|Date Published||23 October 2014|
Henry VIII is dying, the jockeying for power has begun and the religious witch-hunts are in full spate. Lawyer Matthew Shardlake finds his life in danger once again as he seeks to recover a radical religious pamphlet written by Catherine Parr.
I find Sansom more terrifying than anyone churning out serial killer books or psychological thrillers. His work is based on truth, and the almost casual brutality of the time is frightening. I was reading the early scenes where a woman is burned at the stake through my fingers. And I owe my neighbours an apology for the piercing 3am shriek late on in the book – if you’ve invested a lot in this series and the characters, you’ll know why when you get there!
Henry VIII is on his last legs and those around him are jockeying for power. There’s a lot resting on who gets to be the guiding hand when eight-year-old Prince Edward ascends to the throne. And the religious witch-hunts across London are increasing in fervour. Religion is driving a wedge between friends and families, and it’s safest to parrot the party line.
The Catholics have their sights set on bringing down Catherine Parr, whom our hero, lawyer Matthew Shardlake, is unable to resist. When he is summoned before her and her loyal uncle, what she tells him could see them all put to death. For she has written a staunchly Protestant pamphlet, Lamentation of a Sinner – and somehow it has gone missing from a locked chest to which only the queen has a key.
As Shardlake follows the trail, which takes in back street printers and religious fanatics, he finds himself mired again in court politics, which he’d sworn to avoid after the events of Heartstone and earlier books. And it begins to look as if the disappearance of the pamphlet may be linked to the radical Anne Askew, who is burned at the stake at the start of the book.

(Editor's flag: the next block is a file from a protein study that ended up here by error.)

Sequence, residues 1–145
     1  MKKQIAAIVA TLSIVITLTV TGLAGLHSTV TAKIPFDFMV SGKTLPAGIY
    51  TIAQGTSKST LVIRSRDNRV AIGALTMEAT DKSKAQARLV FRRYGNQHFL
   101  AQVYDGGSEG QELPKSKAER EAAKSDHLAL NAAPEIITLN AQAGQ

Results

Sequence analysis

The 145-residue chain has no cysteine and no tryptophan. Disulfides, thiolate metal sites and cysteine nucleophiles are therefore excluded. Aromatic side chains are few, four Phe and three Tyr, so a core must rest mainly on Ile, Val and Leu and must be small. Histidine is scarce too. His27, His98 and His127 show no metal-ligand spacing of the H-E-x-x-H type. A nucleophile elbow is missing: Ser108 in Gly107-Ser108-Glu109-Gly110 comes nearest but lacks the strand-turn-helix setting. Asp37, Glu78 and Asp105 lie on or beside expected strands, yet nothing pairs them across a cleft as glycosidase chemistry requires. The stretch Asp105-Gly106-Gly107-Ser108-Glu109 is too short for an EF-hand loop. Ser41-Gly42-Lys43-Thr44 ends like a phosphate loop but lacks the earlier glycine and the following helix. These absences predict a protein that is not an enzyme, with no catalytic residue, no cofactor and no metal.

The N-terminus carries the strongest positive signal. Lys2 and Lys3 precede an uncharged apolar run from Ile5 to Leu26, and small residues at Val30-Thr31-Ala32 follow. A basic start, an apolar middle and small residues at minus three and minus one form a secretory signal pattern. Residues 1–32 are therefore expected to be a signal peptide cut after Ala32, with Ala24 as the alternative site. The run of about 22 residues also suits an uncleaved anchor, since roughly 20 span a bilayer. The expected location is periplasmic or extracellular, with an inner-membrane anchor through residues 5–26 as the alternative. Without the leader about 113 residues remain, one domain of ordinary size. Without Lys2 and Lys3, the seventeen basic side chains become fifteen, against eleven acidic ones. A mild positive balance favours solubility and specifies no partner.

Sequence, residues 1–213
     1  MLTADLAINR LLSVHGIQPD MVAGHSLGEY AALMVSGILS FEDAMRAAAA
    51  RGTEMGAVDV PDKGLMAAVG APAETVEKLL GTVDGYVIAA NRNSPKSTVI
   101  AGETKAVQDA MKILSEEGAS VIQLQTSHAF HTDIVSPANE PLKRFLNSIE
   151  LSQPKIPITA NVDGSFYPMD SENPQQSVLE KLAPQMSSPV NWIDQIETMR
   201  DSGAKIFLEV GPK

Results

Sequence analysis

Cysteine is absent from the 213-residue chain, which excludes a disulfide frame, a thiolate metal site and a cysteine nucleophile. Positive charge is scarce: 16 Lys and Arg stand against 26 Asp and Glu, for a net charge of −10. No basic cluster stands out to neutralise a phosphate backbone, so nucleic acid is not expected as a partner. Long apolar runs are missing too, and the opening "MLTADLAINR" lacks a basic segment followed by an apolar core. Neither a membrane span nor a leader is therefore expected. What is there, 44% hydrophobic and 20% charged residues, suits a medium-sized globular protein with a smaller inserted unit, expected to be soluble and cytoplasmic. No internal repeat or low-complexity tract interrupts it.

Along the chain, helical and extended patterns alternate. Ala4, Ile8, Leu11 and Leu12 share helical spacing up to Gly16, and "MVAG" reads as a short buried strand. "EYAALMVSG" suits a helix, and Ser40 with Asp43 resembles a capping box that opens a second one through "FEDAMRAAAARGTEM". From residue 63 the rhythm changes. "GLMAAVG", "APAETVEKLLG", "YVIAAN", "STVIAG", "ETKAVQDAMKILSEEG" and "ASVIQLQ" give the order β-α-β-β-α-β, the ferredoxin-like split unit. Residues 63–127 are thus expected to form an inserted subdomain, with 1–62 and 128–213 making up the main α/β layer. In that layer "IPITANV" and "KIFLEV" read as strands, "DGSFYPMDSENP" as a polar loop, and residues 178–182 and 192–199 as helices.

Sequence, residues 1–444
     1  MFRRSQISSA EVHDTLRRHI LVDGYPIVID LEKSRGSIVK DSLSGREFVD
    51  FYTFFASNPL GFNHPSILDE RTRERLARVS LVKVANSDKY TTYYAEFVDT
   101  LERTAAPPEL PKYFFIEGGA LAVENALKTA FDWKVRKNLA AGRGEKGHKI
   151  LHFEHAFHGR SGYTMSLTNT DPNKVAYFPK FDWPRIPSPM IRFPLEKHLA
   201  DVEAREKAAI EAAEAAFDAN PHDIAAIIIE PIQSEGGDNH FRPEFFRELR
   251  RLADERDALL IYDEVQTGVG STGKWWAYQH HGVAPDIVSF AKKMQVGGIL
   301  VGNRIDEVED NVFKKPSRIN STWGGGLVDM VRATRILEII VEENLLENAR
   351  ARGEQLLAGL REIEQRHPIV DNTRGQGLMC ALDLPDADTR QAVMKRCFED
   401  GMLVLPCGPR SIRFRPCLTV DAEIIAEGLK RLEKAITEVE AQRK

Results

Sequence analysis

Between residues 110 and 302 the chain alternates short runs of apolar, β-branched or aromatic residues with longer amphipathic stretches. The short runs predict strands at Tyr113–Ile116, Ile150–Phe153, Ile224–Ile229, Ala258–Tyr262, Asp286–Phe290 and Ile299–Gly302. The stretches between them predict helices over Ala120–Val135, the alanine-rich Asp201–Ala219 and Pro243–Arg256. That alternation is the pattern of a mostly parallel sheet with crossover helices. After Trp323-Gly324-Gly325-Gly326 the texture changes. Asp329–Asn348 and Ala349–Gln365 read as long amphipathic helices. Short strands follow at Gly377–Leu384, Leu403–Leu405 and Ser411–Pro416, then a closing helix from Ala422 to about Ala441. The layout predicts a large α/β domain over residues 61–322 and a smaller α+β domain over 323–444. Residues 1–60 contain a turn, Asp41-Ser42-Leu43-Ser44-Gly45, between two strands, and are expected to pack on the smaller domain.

Sansom maintains a judicious balance between the investigation, court intrigue and Shardlake’s domestic affairs – he has the seemingly perfect steward who makes him feel uneasy, whilst religion and Shardlake’s activities are threatening to drive a wedge between him and his long-time monk friend, Guy Malton. And his assistant Jack Barak is supposed to be keeping out of trouble, as wife Tamasin is expecting their second child. There’s also a new addition in the shape of Nicholas, a young gentleman who has been sent to London to learn the law after refusing to marry his parents’ choice of woman for him, and who seems to have an unerring ability to find trouble.
Sansom wears his learning and research lightly – you never feel he’s preaching or that you’re the victim of an information dump. The book finishes with a thoughtful essay where he attempts to separate the fact from the fiction, and to speculate as a scholar rather than just as a novelist.
He’s particularly skilled at inking in characters with seemingly little detail. The ailing, obese figure of Henry VIII dominates the background. And there’s a fascinating sub-plot featuring the litigious and nightmare case of a brother and sister at each other’s throats.
Sansom has a fabulous eye for a cinematic image, both the large set-pieces and the more intimate scenes. The final one of the book is imprinted on my mind, as is the gruesome one that caused the 3am shriek. I’m faintly surprised no one has adapted these books for film or TV – with Anton Lesser playing Shardlake. Mind you, they’d have a challenge on their hands if they did, as it would be almost impossible to do justice to such a rich and detailed book.
Reviewed 27 December 2014 by Sharon Wheeler